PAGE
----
Good Friday Relays, 7th April 2023

It was a welcome return for the Good Friday Relays for the first time since the start of the pandemic, albeit at a new venue – Albemarle Barracks. Although the event was advertised as being at the Barracks, it was actually at the adjoining disused airbase at Ouston. There was another first for inter-club relays in the North East – the use of real batons!

There was a pretty good complement of Claremont teams with 4 teams for the women and 2 for the men. There were 3 ladies making their Claremont relay debuts – Cate Walker, who bravely ran the first leg for her team, Jenny Roberts and Ann Smith. All did a sterling job for their teams. Special mention must be made of Catherine Young who, having dropped out due to illness, came along (with cake) to support anyway then stepped in to run anyway as we were a runner short due to a late withdrawal!

The women were first off and the 4 first leg runners disappeared off into the wilderness only to reappear with about 800m to go. As expected, Sarah Kerr was first to show as she continued her recent excellent form to leave the “A” team in a good position in the field. This gave her time to change and loan Catherine her vest so that she could run in club colours. So it was not just the baton being passed between runners! There were some good times for the girls and all 4 teams can be pleased with their performances.

For the men, it was good to see Roberto and Mungai running competitively for the club for the first time in a while. Paul and Laurie got both teams off to good starts, Paul being the fastest Claremonter on the day. I think the rest of us also put in solid performances with the only mishap being that Roberto was unaware of the use of batons and had not got into position to receive it from Chris Jones. There was some confusion which no doubt cost the team some time – though I am not sure if this was added to the time given for Chris or Roberto.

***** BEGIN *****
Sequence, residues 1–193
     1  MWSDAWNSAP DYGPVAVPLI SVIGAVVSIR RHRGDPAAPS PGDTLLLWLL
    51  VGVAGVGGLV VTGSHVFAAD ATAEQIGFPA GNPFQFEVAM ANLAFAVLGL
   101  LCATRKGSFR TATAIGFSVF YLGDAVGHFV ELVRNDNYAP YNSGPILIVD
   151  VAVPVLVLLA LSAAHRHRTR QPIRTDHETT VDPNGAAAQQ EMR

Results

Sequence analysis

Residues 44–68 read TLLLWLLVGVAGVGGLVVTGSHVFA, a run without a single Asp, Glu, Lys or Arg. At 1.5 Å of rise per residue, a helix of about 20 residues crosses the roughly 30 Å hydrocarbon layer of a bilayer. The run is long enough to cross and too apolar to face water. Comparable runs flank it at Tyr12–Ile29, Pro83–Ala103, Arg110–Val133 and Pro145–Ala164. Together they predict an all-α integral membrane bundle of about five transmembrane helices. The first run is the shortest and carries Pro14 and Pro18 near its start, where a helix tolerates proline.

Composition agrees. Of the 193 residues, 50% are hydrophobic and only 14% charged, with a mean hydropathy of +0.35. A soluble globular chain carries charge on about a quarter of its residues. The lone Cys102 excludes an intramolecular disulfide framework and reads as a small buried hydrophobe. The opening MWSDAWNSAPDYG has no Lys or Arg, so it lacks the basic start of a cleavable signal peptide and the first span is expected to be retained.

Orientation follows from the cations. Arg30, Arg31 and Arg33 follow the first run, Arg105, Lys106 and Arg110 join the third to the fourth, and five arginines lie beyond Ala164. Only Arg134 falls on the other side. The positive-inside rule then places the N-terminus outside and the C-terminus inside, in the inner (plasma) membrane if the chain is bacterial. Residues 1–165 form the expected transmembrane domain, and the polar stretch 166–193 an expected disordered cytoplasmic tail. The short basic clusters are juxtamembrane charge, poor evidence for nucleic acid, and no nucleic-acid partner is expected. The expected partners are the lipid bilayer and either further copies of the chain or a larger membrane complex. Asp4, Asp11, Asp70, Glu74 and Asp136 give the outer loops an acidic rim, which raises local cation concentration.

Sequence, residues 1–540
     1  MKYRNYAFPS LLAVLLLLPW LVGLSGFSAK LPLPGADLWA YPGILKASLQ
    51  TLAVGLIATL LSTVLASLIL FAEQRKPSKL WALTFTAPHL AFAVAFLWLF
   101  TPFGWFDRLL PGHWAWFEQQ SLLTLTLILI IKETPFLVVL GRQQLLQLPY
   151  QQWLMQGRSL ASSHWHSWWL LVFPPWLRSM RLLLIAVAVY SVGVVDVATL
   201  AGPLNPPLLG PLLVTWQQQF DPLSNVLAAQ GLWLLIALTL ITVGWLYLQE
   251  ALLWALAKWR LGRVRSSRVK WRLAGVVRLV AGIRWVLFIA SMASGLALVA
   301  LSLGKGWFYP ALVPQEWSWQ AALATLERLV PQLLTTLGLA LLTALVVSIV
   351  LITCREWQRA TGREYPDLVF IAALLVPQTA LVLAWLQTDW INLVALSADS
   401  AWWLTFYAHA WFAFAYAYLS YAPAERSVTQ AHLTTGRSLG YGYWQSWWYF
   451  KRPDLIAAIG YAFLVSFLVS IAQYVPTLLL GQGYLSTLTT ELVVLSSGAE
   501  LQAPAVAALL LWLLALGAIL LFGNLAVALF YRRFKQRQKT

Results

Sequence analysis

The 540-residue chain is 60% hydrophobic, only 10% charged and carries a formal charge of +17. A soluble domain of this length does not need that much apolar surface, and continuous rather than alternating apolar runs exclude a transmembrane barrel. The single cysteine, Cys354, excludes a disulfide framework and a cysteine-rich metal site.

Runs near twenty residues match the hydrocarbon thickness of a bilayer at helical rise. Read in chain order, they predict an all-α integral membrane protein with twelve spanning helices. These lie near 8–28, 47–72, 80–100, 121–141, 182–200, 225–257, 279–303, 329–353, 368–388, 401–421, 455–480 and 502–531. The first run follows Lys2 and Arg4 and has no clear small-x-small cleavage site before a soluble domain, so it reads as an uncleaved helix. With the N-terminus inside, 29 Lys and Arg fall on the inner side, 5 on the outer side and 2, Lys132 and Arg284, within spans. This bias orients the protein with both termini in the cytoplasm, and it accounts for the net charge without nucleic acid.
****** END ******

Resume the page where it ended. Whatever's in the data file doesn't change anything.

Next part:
Although I can appreciate the choice of venue as it ticks lots of boxes – availability of car parking, no need for road closures, no disturbance to the general public etc, I can’t say that I enjoyed the course. Firstly, it wasn’t very spectator friendly. There was just a small section around the final bend where spectators were allowed and we were kept well away from the finish line. Even in the waiting pen, we had to be quiet. I was on the second leg and as the race leader came into view in a ridiculously fast time, the waiting runners broke out into a spontaneous round of applause. We were immediately told to be quiet so that we could hear the numbers being called. So there wasn’t the usual pre-run banter between team mates and opponents alike.

As it was a one-lap course, this also meant that there was no support and no real atmosphere for the vast majority of the run, especially for runners on the 3rd and 4th legs when the field was well spread out. Being a disused airbase, the course was flat and on wide paths and had the feel of being a derelict site. There was a section where we ran through some disused (I think) military hardware. All in all, I thought it had a dystopian feel, but think that Gill summed it up best when she said that it felt like being on the set of a Dr Who episode – I could certainly have imagined the cybermen marching around! But it stayed dry, we all had a run and there was plenty of cake, so, all in all, not a bad morning out!

26Sarah Kerr
Julie Cross
Heather Steel
Team Time
48Cate Walker
Rose Hawkswood
Catherine Young
Team Time
61Maria Duenas
Jenny Roberts
Lena Lou
Team Time
71Lynne Cornell
Ann Smith
Gill Milne
Team Time
51Paul Robinson
Tom Tinsley
Chris Jones
Roberto Marzo
Team Time
70Laurie Johnson
Mungai Wairia
David Lydall
Jose Gallego
Team Time
Tom Tinsley -